ISO 11607 states that the test method should be validated. I understand why the bubble test, visual inspection, dye leak need to be validated. But for the seal strength and seal width test, the results depend on the tensile equipment and caliper. These two equipment have been calibrated, so do I need to validate these two tests again?
First, let us take a moment to expand on the question. The context is on the topic of validation of a test method (or test method validation). Why do tests that are measured with calibrated instrumentation (infer quantitative or “variable” data) need to be validated from the interpretation that “ISO 11607 states that the test method should be validated”? The question rationalizes that tests (i.e. bubble test, visual inspection and dye leak) are dependent on qualitative observations or “attribute” data, where validation does seem appropriate.
Yes, all test methods must be validated, irrespective of whether it provides variable or attribute data. Validation of a test method includes a determination of its precision and bias against a standard. From an August 2006 MD+DI article by John Spitzley and Nick Fotis, co-chairs of AAMI Packaging Working Group for ISO 11607:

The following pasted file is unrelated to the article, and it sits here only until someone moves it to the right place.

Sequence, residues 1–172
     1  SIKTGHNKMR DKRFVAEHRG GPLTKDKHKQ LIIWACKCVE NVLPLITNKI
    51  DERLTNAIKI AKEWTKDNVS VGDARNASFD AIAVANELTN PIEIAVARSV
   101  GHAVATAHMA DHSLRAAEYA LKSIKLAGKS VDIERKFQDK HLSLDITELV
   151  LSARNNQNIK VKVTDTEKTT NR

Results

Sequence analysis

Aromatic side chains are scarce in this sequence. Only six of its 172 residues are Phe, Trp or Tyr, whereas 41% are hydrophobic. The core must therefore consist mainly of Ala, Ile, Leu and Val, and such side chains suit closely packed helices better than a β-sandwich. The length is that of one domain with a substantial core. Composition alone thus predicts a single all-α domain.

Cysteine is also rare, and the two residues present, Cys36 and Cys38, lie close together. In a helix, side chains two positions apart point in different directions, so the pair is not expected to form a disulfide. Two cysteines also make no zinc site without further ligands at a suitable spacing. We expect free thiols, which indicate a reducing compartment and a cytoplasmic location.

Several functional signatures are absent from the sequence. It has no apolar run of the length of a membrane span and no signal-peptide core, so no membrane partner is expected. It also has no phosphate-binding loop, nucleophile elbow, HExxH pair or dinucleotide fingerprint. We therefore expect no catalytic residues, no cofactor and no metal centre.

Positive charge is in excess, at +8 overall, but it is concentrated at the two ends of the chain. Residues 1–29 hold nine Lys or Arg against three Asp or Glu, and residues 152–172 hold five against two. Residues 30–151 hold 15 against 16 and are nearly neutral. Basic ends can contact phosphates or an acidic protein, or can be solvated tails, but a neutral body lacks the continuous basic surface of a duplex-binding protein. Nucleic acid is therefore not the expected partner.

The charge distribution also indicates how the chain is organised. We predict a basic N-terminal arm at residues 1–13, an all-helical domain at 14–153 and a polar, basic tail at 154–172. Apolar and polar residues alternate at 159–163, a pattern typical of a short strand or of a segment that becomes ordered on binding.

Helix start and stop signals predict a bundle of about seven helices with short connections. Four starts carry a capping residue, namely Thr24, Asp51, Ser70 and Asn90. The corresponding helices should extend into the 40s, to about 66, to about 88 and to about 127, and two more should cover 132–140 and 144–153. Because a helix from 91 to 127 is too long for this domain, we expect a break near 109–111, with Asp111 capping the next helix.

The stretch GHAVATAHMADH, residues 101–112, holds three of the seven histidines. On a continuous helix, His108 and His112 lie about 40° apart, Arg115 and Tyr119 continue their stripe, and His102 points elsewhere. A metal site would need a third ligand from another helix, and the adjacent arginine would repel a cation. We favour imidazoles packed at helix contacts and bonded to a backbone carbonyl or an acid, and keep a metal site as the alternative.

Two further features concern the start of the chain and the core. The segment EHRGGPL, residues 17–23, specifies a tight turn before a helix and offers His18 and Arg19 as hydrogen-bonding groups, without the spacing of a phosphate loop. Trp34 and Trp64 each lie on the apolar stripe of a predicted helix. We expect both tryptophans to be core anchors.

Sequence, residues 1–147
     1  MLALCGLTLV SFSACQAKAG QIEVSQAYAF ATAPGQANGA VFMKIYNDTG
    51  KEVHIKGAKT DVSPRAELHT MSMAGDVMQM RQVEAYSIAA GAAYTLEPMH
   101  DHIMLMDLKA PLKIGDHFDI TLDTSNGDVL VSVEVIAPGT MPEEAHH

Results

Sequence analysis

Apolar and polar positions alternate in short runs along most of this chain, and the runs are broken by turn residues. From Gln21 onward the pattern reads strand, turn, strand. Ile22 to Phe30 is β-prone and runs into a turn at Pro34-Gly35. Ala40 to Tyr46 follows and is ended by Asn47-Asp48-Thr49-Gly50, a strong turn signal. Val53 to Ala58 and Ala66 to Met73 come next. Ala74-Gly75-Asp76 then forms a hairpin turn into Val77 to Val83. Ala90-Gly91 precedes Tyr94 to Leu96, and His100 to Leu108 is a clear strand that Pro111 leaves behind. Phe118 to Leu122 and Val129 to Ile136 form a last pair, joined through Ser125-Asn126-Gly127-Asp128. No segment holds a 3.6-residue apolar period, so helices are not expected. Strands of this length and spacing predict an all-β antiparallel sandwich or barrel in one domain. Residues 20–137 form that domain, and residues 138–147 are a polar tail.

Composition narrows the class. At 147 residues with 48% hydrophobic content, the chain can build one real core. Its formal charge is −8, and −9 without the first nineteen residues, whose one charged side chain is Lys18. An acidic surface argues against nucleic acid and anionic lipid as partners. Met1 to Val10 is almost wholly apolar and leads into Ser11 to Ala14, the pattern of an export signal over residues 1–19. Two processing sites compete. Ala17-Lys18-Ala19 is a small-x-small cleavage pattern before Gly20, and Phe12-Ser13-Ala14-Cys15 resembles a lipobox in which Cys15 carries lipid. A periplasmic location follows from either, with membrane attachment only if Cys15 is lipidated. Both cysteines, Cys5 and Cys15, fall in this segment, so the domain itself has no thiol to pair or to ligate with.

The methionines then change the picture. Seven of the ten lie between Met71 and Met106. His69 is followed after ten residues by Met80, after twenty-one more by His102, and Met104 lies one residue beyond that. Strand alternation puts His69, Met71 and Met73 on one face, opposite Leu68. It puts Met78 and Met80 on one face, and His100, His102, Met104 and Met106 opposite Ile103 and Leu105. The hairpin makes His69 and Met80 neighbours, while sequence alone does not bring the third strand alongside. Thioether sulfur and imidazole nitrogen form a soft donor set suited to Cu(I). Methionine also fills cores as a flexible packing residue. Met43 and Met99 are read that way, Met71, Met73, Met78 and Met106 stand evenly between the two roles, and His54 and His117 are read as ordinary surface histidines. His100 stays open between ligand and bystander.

“Section 4.3 covers Test Methods. One of the key requirements of the standard is that all test methods must be validated. This is often mistakenly understood to mean that it is sufficient to use a standard test method that has gone through some sort of round-robin testing and has been accepted by a standards-setting body. However, this is not the case. The requirement is for the specific lab that performs the testing to validate the test method in its lab with its people on its instrumentation. A good approach to documenting this validation is to rerun the studies that first provided the round-robin justification to ensure that the new results are in alignment with the prior data.”1
For additional information, one can reference test method validation guidance document F3263 – 17 Standard Guide for Packaging Test Method Validation. A validation is a documented process for understanding requirements, applying design controls, and confirming that the test method actually performs as intended.
In summary, regardless of calibration or confidence in equipment, test methods need to be validated to ensure that all factors that contribute to variation are considered. This includes equipment, methods and people.
1 Spitzley, John and Fotis, Nick. “ISO 11607: New Standard Clears Up Packaging Confusion.” Medical Device and Diagnostic Industry, August 1, 2006. https://www.mddionline.com/iso-11607-new-standard-clears-packaging-confusion (accessed September 9, 2018)